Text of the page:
By Steven Fouchard, Army Public Affairs
Toronto, Ontario — As the United Nations and militaries across the world work toward greater female representation in peacekeeping operations, a Canadian researcher is delving into this little-studied area to shed more light on the potential implications.
Andrea Lane, a PhD candidate at Dalhousie University, is on a year-long contract at the Canadian Forces College where she has been invited to teach as part of its National Security and Joint Command and Staff programmes.
As Director of Dalhousie’s Centre for the Study of Security and Development, she notes she has “long-standing research interests in Canadian defence policy and in particular women in the military.”
As she began research relating to Canada’s part in the UN mission in Mali – where Canadian operations ceased on August 31, 2019 – the federal government rolled out a pilot project announced in 2017 known as the Elsie Initiative for Women in Peace Operations, which seeks to increase women’s meaningful participation in peace operations.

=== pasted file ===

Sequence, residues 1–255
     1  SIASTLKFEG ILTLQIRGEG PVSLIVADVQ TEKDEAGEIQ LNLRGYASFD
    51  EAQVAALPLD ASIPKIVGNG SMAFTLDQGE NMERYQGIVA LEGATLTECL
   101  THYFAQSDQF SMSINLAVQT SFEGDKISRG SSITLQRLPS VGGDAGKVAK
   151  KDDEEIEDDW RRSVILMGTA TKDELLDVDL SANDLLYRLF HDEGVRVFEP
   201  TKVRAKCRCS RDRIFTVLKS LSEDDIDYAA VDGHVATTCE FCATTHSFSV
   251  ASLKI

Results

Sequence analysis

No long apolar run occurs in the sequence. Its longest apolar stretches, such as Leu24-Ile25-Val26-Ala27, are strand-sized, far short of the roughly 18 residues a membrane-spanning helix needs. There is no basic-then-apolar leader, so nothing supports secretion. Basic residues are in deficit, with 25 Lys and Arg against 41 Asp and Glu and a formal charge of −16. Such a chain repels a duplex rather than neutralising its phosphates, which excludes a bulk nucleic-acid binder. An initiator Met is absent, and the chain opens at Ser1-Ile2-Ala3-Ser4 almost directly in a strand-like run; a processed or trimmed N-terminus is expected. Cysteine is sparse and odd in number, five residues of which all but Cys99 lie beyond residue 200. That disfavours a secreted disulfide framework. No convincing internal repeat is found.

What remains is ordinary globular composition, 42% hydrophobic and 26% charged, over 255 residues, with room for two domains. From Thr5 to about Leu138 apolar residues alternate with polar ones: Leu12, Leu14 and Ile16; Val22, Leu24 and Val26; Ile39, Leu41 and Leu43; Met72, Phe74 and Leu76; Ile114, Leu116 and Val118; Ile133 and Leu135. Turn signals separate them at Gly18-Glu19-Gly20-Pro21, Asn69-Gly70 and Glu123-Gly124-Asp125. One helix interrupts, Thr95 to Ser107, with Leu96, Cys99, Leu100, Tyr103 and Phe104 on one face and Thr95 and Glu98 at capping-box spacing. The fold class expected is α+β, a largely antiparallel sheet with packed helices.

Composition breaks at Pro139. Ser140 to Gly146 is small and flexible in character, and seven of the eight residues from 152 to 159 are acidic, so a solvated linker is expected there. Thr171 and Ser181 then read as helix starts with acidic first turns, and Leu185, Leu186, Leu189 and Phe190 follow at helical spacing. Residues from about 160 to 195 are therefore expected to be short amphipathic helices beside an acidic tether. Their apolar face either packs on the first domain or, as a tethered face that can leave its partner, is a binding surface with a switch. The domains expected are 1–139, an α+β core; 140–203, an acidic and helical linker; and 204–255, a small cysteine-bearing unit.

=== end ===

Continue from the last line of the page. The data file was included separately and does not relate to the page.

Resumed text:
While she is generally supportive of efforts to make male-dominated militaries more open to women, Ms. Lane said current thinking on women’s role in peacekeeping may not be entirely beneficial.
“There are a whole bunch of assumptions that are largely untested about women as better communicators, as people who are more likely to tone down conflict versus add to conflict – women being seen as warmer and more…